New Countries, New Cinema
By João Antunes
The birth or rebirth of new countries in Eastern Europe,
with the fall of the Soviet block and the end of the Balkan wars, led
not only to a new geo-political map but also to a new film map. This
fact enhanced the importance of film festivals like Tromso, where the
program is not dictated by a group of mixed economical and diplomatic
reasons, as we often see at the major events in this area — thus
allowing more space to productions coming from different areas of the
The competition and the sidebars of the Tromso International
Film Festival allowed the viewers, mainly young students from the very
energetic academic environment of this northern Norwegian city, to see
a few examples of the cinema those new countries are producing, often
hidden only a decade and a half ago by their regimes.
We decided to choose three examples, from countries that
did not yet exist in those times. One of them — Kosovo — still
does not exist officially, but cinema already shows the way. Foreigners
know from the news that most of these countries are really trying to
do good. If movies are a reflection of reality, these three will show
that — even if it's visible that so much is still to do - are really
on the good way.
A Few Feet Under
Coming from Slovenia, Gravehopping (Odgrobadogrob),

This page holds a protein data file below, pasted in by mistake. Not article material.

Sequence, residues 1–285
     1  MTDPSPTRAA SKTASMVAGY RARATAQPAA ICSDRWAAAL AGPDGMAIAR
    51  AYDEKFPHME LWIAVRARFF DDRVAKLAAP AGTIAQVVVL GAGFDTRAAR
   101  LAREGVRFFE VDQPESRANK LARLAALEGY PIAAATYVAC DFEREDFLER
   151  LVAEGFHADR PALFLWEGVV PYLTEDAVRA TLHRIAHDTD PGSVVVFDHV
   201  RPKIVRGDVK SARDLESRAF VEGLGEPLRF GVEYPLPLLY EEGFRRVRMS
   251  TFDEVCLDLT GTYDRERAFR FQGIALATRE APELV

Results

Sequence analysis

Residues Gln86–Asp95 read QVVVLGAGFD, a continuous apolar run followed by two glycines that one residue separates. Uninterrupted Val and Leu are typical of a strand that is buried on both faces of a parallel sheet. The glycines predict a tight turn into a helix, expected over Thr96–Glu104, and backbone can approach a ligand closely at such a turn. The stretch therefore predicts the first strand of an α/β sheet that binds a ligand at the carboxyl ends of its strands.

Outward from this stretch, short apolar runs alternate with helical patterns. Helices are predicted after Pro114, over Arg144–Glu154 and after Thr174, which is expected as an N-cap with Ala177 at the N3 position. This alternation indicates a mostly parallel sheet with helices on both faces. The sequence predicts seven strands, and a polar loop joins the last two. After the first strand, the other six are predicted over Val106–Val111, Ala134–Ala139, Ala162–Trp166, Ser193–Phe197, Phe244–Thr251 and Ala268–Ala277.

by Jan Cvitokovic, is one of those movies that talk about the miracle
life, even when death is all over it. That allows us to come out of the
cinema with an optimistic smile, even when the darkest sequence is at
the end. Using dark poetry and humour the young director (born in 1966
and already awarded in Venice for his first feature, Bread and Milk)
shows an enormous dedication and tenderness towards his characters.
The entire movie turns around Pero, who has the most depressing
work imaginable. He is a professional funeral speaker in a small town.
However, sentimental and loving life, he is trying to save the lives
and souls of the living around him: his father, a compulsive but always
unsuccessful suicide candidate, the girl he wants, who has her own strange
secrets, and his best friend who's planning his own dramatic and spectacular
Using a simple narrative structure, but not afraid to put
in action the most radical symbolisms — political, religious and
philosophical — Jan Cvitkovic gives us in Gravehopping an
allegory of life and death, of violence and harmony, of inner beauty
and external ugliness. These are the forces fighting in a country where
ancestral tradition gives way to a new order. The cinematographical quality
of his work, well expressed in the outstanding final shot, gives him
a sure place in the building of a new cinema in his new country.
Cinema With a View
directed by veteran Isa Qosja, is a clear and beautiful example of the
geographic and artistic complexities of the movies made in this part
of the world. The director was born in Montenegro, studied acting in
Pristina and directing in Belgrade. Now, he presented the first movie
from Kosovo, even before the country really existed.
But even if Kukumi is precisely situated in time
and place, it gets more and more universal, leaving soon the political
agenda to transform itself in a philosophical reflexion on the freedom